The transcript of appellant's sentencing hearing raises substantial questions which we believe merit discussion, especially in view of the remand for resentencing. As indicated above, 38 appellant was referred to the Federal Correctional Institution at Danbury, Connecticut for examination to determine whether he was eligible for NARA treatment. In a letter addressed to the trial court, the Danbury staff recommended against such treatment. The letter reads, in pertinent part:

(Mr. Pinkney) was introduced to heroin through peer group association and has used other drugs including cocaine and bam. Investigative reports indicate recent use of amphetamines during the month of February and March of 1975.

Mr. Pinkney has been motivated to observe our therapeutic drug program. He indicates no desire to participate in such a drug program and indicates that the group counseling sessions are too intense for him. Our staff has observed his limited participation in our program and it is our finding that Mr. Pinkney is a drug addict as defined by law. It is also found that Mr. Pinkney is not likely to be rehabilitated through treatment because of his limited motivation to participate in a drug program at this time. He admits that he is a drug addict having used drugs for several years. We recommend that you consider sentencing him as a regular adult offender with the recommendation that he participate in a drug abuse program.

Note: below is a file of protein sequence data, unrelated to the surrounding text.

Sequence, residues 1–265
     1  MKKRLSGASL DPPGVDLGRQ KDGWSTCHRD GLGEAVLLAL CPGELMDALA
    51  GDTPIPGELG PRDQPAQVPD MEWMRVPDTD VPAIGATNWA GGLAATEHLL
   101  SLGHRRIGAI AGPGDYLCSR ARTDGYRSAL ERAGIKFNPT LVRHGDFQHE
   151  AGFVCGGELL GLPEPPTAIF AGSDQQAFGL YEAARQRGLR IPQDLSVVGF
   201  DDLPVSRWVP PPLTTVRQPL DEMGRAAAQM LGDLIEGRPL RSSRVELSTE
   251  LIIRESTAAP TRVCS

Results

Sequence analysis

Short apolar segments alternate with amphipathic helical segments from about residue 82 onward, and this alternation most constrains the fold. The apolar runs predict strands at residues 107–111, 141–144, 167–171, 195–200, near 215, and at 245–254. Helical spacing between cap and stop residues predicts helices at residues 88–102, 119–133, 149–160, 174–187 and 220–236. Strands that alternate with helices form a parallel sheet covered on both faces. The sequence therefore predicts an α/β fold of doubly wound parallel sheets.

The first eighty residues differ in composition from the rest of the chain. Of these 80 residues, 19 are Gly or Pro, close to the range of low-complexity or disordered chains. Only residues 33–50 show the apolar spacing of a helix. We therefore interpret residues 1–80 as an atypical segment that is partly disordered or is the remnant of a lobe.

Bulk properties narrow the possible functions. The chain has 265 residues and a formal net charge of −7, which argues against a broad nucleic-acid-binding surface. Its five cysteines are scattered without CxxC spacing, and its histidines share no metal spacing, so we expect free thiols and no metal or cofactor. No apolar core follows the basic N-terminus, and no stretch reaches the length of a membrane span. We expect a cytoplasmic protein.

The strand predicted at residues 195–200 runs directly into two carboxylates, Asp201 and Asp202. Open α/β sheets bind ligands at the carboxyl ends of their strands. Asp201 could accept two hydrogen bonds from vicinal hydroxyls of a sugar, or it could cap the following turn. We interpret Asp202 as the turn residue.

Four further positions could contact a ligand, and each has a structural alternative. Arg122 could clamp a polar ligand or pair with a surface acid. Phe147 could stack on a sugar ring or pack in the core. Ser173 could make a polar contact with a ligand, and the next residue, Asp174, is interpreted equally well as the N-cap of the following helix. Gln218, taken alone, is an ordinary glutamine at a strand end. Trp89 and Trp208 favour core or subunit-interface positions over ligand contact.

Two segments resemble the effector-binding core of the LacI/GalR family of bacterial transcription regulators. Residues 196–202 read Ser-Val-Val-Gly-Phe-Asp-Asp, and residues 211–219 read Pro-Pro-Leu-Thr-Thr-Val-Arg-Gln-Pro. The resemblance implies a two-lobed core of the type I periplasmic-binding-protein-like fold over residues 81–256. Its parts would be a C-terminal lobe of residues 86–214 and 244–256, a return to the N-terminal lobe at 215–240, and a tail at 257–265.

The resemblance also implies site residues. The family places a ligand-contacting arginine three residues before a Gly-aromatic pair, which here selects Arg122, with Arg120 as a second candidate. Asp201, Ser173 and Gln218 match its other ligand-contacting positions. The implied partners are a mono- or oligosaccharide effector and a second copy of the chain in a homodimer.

At sentencing, trial counsel reported that he had gone over the presentence report and discussed the matter with the Probation Office representative. 39 He devoted the remainder of his statement to an acknowledgment of what to all parties seemed apparent that appellant's addiction caused him to be before the court 40 and to a plea that the court place his client on probation. 41

When asked whether he had read the NARA report, counsel replied, "I have not read it, Your Honor." 42 The court proceeded to...